The door is cracked We used to meet like water does land no not that more like when skin touches skin kissing fingertips or when air escapes a lung and is felt across the world I've leapt over cracks in sidewalks and swallowed away troublesome back pains that could only be fixed with someone else's pills We met by your house one stray day and you drove me to the bay where we sat and kissed like it was yesterday And here you told me that you loved me and that you always loved me and that you would always love me the wind blew and I held you You rested your head on my shoulder and the wind blew warm Later, in your big red truck, we smoked some green and I kissed you harder and held your breasts, and felt between your legs and with a gasp you told me you were in love with me And then you drove me back and we promised it wouldn't be the end not this time The quill and inkwell on your foot I'm a writer and you are my greatest art I returned to my hell and dreamt of you once more
He slumped down into the pen, and the puppies immediately leapt on him. "Perhaps I'll see you later tonight." "If you're lucky, " Celaena purred, and walked away. She smiled to herself as they strode through the castle. Eventully Nehemia turned to her. "Do you like him?" Celaena made a face. "Of course not. Why would I?" You converse easily. It seems as if you have... a connection." "A connection?" Celaena choked on the word. "I just enjoy teasing him." "It's not a crime if you consider him handsome. I'll admit I judged him wrong; I thought him to be a pompous, selfish idiot, but he's not so bad." "He's a Havilliard." "My mother was the daughter of a chief who sought to overthrow my grandfather." "We're both silly. It's nothing." "He seems to take great interest in you." Celaena's head whipped around, her eyes full of long-forgotten fury that made her belly ache and twist. "I would sooner cut out my own heart than love a Havilliard, " she snarled. They completed their walk in silence, and when they parted ways, Celaena quickly wished Nehemia a pleasant evening before striding to her part of the castle.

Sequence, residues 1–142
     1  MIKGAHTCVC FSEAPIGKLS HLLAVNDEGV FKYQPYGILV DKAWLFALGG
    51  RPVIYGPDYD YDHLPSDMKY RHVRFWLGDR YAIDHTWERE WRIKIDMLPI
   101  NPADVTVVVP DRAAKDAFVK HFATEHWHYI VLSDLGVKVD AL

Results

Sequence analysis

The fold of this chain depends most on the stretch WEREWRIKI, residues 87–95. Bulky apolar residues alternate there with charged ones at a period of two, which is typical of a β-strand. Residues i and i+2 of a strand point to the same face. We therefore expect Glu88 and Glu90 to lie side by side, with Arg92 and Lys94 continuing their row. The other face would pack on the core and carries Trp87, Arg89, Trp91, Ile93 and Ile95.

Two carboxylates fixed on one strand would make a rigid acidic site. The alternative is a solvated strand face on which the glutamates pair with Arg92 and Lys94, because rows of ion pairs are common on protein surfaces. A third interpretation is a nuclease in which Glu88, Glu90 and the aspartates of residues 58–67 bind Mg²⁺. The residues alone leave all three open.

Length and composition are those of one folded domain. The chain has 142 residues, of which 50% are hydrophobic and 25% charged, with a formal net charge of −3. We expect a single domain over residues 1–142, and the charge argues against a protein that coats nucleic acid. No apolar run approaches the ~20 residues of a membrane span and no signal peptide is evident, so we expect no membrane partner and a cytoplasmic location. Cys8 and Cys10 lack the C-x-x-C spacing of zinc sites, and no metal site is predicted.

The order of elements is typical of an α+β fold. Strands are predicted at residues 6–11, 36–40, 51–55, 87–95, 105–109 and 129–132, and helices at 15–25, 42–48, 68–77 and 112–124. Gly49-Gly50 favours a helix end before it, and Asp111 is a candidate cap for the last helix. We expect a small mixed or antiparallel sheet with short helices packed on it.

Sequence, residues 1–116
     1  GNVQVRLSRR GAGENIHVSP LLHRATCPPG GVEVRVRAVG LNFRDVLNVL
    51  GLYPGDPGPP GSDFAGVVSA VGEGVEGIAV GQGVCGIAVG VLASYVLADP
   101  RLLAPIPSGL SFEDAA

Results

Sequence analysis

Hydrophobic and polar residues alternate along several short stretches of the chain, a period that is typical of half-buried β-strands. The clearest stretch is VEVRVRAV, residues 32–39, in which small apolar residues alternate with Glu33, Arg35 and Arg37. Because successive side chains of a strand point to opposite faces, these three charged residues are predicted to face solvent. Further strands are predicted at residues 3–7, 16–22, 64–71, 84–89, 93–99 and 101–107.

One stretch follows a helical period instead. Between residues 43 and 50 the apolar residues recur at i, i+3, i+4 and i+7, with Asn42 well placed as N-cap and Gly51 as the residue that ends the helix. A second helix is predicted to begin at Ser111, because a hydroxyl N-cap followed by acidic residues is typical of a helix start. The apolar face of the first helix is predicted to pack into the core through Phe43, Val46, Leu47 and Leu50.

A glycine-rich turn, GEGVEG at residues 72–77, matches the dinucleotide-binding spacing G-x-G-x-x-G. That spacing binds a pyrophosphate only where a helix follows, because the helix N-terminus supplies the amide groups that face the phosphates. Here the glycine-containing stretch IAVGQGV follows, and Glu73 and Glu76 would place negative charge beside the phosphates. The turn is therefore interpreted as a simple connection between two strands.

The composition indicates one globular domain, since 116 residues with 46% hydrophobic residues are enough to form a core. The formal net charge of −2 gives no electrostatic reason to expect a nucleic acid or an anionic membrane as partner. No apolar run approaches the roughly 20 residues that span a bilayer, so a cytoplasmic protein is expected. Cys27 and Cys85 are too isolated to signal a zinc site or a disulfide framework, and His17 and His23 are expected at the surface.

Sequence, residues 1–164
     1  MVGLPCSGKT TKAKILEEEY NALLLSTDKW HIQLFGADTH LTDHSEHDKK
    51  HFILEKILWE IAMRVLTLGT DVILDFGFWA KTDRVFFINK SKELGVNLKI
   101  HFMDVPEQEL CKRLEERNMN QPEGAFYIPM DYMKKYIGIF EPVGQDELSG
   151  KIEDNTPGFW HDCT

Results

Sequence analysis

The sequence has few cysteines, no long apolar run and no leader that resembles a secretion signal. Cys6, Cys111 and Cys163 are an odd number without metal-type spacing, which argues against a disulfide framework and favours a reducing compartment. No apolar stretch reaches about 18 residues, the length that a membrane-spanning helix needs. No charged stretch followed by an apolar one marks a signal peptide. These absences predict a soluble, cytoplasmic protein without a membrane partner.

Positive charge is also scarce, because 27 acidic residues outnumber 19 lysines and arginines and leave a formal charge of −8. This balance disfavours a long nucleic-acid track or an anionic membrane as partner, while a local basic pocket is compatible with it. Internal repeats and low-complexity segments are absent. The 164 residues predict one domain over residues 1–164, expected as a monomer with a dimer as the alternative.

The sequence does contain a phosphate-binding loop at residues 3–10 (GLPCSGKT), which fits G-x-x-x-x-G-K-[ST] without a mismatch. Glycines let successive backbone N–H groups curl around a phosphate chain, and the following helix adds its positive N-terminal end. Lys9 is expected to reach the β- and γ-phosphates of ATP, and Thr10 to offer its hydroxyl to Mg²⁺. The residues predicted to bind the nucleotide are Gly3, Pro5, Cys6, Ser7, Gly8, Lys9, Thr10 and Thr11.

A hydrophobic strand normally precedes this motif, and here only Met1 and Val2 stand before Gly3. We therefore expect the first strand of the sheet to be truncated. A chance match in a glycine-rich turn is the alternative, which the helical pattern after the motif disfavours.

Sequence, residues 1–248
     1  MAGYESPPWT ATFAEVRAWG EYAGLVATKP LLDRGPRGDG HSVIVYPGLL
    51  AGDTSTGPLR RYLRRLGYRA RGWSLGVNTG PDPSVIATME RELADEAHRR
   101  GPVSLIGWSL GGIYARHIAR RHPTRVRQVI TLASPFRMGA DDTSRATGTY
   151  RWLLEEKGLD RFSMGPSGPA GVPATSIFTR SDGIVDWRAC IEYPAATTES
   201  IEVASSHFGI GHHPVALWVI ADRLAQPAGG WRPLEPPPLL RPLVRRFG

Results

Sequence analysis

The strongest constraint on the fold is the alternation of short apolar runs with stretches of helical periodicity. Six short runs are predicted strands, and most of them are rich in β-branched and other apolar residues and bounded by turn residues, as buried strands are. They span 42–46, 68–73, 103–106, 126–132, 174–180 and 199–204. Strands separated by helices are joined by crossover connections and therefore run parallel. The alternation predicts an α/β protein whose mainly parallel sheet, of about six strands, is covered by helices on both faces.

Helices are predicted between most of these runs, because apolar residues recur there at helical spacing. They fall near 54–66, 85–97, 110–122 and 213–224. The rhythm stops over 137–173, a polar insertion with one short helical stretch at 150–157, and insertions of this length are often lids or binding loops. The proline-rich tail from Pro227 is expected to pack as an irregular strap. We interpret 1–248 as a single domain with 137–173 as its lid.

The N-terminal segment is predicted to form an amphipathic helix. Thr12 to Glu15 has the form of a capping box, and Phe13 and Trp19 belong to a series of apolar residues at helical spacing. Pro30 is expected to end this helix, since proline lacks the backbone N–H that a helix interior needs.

Sarah J. Maas
When the business man rebukes the idealism of his office-boy, it is commonly in some such speech as this: "Ah, yes, when one is young, one has these ideals in the abstract and these castles in the air; but in middle age they all break up like clouds, and one comes down to a belief in practical politics, to using the machinery one has and getting on with the world as it is." Thus, at least, venerable and philanthropic old men now in their honoured graves used to talk to me when I was a boy.But since then I have grown up and have discovered that these philanthropic old men were telling lies. What has really happened is exactly the opposite of what they said would happen. They said that I should lose my ideals and begin to believe in the methods of practical politicians. Now, I have not lost my ideals in the least; my faith in fundamentals is exactly what it always was. What I have lost is my old childlike faith in practical politics. I am still as much concerned as ever about the Battle of Armageddon; but I am not so much concerned about the General Election. As a babe I leapt up on my mother's knee at the mere mention of it. No; the vision is always solid and reliable. The vision is always a fact. It is the reality that is often a fraud. As much as I ever did, more than I ever did, I believe in Liberalism. But there was a rosy time of innocence when I believed in Liberals.